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Spaced Out in Wonderland Review

Spaced Out in Wonderland Review

Spaced Out in Wonderland is the latest offering from Khmer rock revival group the Cambodian Space Project. With their previous four albums all following a similar tone as far as musical composition is concerned, it is a breath of fresh air to see them branch out and evolve as artists with this album of musical discovery and personal revelation.

The album kicks off with a rocker, “Down from the Mountain,” which is literally pleading with fans and family members to enjoy their new sound and still accept what they are doing.  Moving onward, the second track, “5 Lady Cows” is a strange title that fits with the very psychedelic feel of the song. Throughout, the layered guitar effects are very reminiscent of riffs from George Harrison’s “Art of Dying.” This song is the first in a small story arc of sorts on the album, that of Channthy Kak—lead singer— and her life prior to Cambodian Space Project; this song is about her falling in love and learning to persevere until she can accomplish her dream to become a singer.

The next three songs, “Havana Inn, Cambodia,” “Proud Mary,” and “Sugar Coated Mango” share a similar theme of love; one concerns a dreamlike state in which two people, Julian Poulson—guitarist and backup vocalist—and Channthy, meet and fall in love; “Proud Mary” is the opposite in a way as it reinforces this idea of standing up for yourself and what you believe in and not falling for any man that confesses their love. This trilogy of romance concludes with “Sugar Coated Mango,” a classic Khmer love song Julian’s vocals are given a fitting range that makes his singing sound more natural and pleasant.

The subsequent track, “Never Fall Down” is more of a repetition of the idea from “5 Lady Cows” with determination and not giving up, although this studio version leaves something to be desired.  However, the song is still very melodic and blends a beach rock vibe into the band’s style nicely with a bed of echoing guitars and bass flooding the floor below Channthy’s voice as it reaches for the moon.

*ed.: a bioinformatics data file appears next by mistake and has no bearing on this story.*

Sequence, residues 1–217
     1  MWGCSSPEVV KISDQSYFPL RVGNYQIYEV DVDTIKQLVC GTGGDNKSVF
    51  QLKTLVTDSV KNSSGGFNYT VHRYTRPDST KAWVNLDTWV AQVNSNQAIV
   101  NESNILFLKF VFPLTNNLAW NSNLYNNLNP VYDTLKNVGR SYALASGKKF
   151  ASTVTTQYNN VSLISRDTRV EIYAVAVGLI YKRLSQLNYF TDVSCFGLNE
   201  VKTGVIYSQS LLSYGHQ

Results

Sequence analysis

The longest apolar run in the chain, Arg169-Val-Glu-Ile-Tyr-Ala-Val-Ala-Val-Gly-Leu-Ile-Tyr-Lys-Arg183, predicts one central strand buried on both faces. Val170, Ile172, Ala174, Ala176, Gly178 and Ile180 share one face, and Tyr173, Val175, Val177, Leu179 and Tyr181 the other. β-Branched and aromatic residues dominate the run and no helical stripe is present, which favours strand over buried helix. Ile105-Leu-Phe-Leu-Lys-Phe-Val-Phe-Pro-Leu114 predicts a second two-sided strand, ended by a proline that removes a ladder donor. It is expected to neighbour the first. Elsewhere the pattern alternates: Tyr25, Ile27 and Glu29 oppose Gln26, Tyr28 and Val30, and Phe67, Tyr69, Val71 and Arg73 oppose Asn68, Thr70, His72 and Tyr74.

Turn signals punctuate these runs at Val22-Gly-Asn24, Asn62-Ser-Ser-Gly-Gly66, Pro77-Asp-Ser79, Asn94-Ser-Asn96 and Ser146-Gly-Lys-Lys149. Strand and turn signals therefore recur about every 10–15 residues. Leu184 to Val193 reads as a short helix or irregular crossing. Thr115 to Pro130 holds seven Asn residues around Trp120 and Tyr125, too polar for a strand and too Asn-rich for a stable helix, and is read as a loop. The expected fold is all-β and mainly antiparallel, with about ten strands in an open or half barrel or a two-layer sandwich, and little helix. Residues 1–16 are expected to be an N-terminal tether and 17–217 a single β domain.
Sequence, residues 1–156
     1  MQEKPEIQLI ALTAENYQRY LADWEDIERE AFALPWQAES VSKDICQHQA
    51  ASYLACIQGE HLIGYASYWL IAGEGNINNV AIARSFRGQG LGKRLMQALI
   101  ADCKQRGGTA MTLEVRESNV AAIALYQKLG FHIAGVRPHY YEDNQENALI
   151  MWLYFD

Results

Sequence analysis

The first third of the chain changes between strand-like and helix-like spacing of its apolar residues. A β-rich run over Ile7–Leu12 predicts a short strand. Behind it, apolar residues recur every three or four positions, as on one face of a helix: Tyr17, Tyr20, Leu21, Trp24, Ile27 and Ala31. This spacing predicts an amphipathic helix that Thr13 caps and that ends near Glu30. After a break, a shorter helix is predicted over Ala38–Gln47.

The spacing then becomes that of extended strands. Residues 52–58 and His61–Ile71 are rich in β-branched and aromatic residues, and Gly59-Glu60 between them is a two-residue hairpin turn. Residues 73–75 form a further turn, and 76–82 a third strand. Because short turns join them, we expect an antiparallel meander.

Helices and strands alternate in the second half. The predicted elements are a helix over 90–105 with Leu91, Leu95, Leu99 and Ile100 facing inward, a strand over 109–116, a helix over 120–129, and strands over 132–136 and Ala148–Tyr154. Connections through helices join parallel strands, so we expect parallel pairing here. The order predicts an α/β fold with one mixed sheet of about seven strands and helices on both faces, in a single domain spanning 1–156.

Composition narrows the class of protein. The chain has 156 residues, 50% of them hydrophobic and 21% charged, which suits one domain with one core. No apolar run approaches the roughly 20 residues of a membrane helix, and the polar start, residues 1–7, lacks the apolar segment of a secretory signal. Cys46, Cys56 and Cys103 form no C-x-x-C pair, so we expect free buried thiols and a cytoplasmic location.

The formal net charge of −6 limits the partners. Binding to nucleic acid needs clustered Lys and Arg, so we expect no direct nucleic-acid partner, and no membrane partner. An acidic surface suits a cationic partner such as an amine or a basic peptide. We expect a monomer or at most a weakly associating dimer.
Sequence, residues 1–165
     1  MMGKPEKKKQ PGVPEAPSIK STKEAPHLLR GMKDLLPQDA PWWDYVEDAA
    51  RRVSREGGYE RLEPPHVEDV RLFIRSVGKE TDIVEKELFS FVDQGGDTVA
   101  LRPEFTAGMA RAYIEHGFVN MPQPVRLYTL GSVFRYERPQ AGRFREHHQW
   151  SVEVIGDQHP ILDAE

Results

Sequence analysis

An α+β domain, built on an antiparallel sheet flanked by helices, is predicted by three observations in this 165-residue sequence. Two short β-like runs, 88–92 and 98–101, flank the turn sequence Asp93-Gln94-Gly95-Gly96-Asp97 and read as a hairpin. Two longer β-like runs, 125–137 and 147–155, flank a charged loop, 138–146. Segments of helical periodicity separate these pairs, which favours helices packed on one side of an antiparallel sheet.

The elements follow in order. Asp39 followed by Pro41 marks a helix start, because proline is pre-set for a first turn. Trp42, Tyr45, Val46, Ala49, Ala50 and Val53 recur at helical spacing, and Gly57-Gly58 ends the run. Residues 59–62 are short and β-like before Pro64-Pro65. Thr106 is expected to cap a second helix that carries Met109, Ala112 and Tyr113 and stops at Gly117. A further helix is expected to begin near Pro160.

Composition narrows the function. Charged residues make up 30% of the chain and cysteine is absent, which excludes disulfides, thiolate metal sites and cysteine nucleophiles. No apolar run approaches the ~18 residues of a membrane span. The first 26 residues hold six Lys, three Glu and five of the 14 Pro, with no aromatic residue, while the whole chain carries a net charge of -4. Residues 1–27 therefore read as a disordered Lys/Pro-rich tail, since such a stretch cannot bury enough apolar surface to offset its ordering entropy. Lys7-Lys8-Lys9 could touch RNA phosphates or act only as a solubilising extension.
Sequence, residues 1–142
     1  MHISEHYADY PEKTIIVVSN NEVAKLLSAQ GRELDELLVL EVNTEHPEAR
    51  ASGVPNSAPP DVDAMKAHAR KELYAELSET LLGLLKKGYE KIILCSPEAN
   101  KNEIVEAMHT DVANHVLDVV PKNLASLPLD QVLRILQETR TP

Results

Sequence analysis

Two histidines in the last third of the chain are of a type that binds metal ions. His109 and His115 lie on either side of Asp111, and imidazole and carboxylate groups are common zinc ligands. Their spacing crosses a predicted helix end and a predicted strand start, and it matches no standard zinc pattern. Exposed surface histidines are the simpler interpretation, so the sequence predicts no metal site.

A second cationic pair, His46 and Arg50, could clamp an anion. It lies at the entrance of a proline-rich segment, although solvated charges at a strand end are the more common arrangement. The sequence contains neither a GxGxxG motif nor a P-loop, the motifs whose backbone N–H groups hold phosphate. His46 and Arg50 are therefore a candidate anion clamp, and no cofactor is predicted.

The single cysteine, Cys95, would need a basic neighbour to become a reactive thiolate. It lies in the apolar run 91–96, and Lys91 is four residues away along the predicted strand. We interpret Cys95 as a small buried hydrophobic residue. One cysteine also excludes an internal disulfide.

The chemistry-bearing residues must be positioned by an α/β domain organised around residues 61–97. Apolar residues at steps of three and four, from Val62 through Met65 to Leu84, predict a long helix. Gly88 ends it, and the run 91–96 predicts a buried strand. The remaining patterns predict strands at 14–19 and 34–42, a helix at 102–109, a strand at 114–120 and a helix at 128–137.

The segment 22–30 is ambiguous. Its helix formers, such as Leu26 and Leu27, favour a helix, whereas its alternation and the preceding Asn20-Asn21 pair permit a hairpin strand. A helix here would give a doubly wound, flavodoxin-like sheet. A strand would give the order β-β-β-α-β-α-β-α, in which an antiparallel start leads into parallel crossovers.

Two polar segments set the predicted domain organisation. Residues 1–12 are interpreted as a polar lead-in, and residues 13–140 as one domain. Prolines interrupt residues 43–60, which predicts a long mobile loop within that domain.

The following two tracks off of the album are extremely personal, “Summer Wine” follows up with Paul Kelly as a guest vocalist—his wobbly higher register similar to Ambrose Kenny Smith of King Gizzard and the Lizard Wizard—and concerns itself with alcoholism and the struggle not to drink too much wine when one is dealing with extreme sadness. “Blackbird” is a song that relies more heavily on percussion as a hypnotic tool so that once the subject of racism does come up, the listener is completely focused. In older Cambodian communities, darker skin usually would indicate someone who is poor or less of a person than others, and, as evidenced here, Channthy was victim to this during her childhood. Once the song comes to a climax, it mirrors “A Day in the Life” by the Beatles in some ways by using manipulated instruments layered over one another to come to an orgasmic climax.

Closing the album, “Superstar” adds nothing new to the table as far as instrumentation goes, but makes up for this with its lyrical content, that of separation anxiety when someone you love is not able to see you and instead has to travel often, leaving you in a state of worry and panic over whether they will remain loyal in your absence. The closing song on the album, “The Passenger,” is a song that truly embodies the album title as it makes use of another hypnotic drum beat and instrumental loops to create an aural sea beneath the vocal harmonies that are themselves drenched in echo and reverb. This song has a very obvious “Tomorrow Never Knows” by the Beatles vibe, as its vocal content matches the dreamlike state of the instrumentals perfectly. The song deals with the idea of someone with their head up in the clouds and afraid to return to reality, comparing the experience to traveling through space.

The lyrical themes that run throughout Spaced Out in Wonderland lend a sense of maturity that is also reflected in the instrumentation present on the album. It feels very spaced out and yet also very tight and functional as a whole. The Cambodian Space Project offer up a very enticing piece of Cambodian psych rock with a funk edge this time around, proving that they are able to adapt and experiment with new ideas without having to compromise the band’s overall style. Credit here must go to Phom Nhanh Sereyroth for her help translating these lyrics into English.

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